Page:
ST. PETERSBURG -- Game on!
Desperately needing to sweep the Red Sox to have any chance at reaching the postseason, the Rays did exactly what the doctor ordered, coming away with a 9-1 win Sunday afternoon at Tropicana Field to complete the weekend broom treatment.
The Rays (81-64) entered the weekend 6 1/2 games behind the American League Wild-Card leading Red Sox (85-61), and after three days of work, Tampa Bay narrowed the margin to a far more manageable 3 1/2-game deficit with 17 games remaining on its slate.
"We did need to win these," manager Joe Maddon said. "There was no other way to look at it. Two out of three -- meatloafing right now -- didn't taste nearly as good. ... Under the circumstances, you have to do what you did. Otherwise it's pretty much impossible to recover from that moment."
Tampa Bay has now won four in a row and seven of its last eight while Boston extended its losing streak to five and has lost seven of its last eight. When the Red Sox departed Fenway Park to begin their seven-game road trip to Toronto and St. Petersburg, they held an eight-game lead over the Rays.
"No, at this point you panic," said Red Sox slugger David Ortiz when asked about being the kind of team that doesn't panic. "You've got to panic at this point. But you're not going to do anything panicking but playing better. Of course you're freaked out. You go on this road trip 1-6, it's not good. We've got these guys breathing down our necks and we're not in first place either. We've got to come back and play better, though."
Ortiz added that the Rays have a good look about them right now.
"Well, you know, to be honest with you, the past three days, they look like they have no pressure on themselves," Ortiz said. "That makes a huge difference."
Holding a 4-1 lead in the bottom of the fifth, the Rays put the game away when they loaded the bases with two outs. B.J. Upton sent Matt Albers' third pitch -- a fastball that split the plate -- soaring over the left-center-field fence for his 20th home run of the season and his first career grand slam.
Upton and Rays fans have had an up-and-down relationship. On Sunday, the fans showed Upton some love after James Shields encouraged him to make a curtain call in front of the crowd of 25,220.
"[It] felt pretty good," said Upton, who went 4-for-4 on the afternoon. "I never experienced anything like that, especially in this type of series. ... I went out and it was pretty cool."
Sunday's matchup had "pitching duel" written all over it with 14-game winners Jon Lester and Shields starting for the Red Sox and Rays, respectively.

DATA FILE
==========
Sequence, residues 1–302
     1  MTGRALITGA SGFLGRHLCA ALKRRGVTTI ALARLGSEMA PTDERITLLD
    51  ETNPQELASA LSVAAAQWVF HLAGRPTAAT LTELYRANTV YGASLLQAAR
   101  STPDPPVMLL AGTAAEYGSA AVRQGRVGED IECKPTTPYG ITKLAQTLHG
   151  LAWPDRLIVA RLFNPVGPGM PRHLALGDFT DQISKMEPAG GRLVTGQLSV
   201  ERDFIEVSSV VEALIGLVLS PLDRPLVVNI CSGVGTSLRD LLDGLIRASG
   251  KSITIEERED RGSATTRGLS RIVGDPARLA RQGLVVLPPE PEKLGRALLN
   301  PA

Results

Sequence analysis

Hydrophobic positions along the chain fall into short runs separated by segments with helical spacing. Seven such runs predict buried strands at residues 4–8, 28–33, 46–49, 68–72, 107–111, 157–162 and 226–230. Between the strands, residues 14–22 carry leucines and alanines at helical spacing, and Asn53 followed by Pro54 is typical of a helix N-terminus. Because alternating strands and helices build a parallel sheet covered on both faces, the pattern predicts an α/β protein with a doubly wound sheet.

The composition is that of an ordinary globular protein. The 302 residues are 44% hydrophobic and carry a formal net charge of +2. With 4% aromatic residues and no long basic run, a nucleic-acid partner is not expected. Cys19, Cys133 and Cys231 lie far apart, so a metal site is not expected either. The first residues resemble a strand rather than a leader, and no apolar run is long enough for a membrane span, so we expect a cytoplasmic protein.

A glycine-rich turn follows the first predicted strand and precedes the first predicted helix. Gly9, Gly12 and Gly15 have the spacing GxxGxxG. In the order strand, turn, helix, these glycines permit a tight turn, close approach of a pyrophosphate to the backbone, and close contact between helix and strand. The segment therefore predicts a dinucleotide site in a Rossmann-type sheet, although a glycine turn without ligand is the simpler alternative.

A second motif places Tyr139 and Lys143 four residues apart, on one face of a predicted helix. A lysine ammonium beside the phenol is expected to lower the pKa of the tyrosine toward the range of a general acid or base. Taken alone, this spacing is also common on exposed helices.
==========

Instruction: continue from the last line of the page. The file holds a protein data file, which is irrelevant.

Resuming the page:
Instead, the game quickly acquired a distinctly different flavor.
Ben Zobrist singled off Lester with the bases loaded in the first to drive home Desmond Jennings and Upton. Sean Rodriguez added a sacrifice fly for a 3-0 Rays lead.
Lester needed 43 pitches and almost 30 minutes to get through the first inning against a Rays lineup that included three players who started the season in the Minor Leagues. He left after four innings, continuing a disturbing trend for the Red Sox, who have seen their starters go five innings or less in five straight games and in nine of their last 11.
Marco Scutaro homered off Shields to start the third, and the Red Sox went on to load the bases with one out. But Shields avoided further damage by retiring Ortiz on a shallow fly to left before getting Josh Reddick to pop out to third for the final out of the inning.
"In the beginning, [Shields was] over-boogying a little bit," Maddon said. "He was trying to do too much. He was falling off the mound. He didn't have his good alignment to the plate."
Jim Hickey went to the clubhouse to watch some video on Shields, and the Rays' pitching coach returned to the dugout to make some suggestions that helped Shields get back on track.
Shields smoothed out his delivery and came within two outs of recording his 12th complete game, as he allowed one run on seven hits and notched five strikeouts to notch his career-high 15th victory.
Maddon received a chorale of boos when he went to get Shields in the ninth. Shields then received a standing ovation as he walked toward the dugout.
"Joe gave me a hard time. He was like, 'Thanks for getting me booed out there,'" Shields said. "But I told him, 'It's a good thing, man. The fans want me to go out there. That's great.' But I think that was the right decision for him to pull me in that situation. I had a lot of pitches right there."
The Rays now lead their season series with the Red Sox by a margin of 9-5. They will meet in one final showdown in Boston after Tampa Bay plays three in Baltimore.
"We've got them four more times next week," Maddon said. "In the meantime, just play with the same level of intensity and verve and want-to and all the stuff we're doing right now. ... The guys are really getting after it."
And, cutting to the chase, can the Rays make a successful run to fight their way into the 2011 playoffs?
"It's tangible, it's possible, it's there, it's truly not impossible," Maddon said. "Maybe the skeptics are falling off the skeptical wagon into the possible wagon right now. And maybe the storyline is going to change a bit. But none of that matters. What matters is what this group thinks every day when they go out there and how we go about our business and attack the other side."
Bill Chastain is a reporter for MLB.com. This story was not subject to the approval of Major League Baseball or its clubs.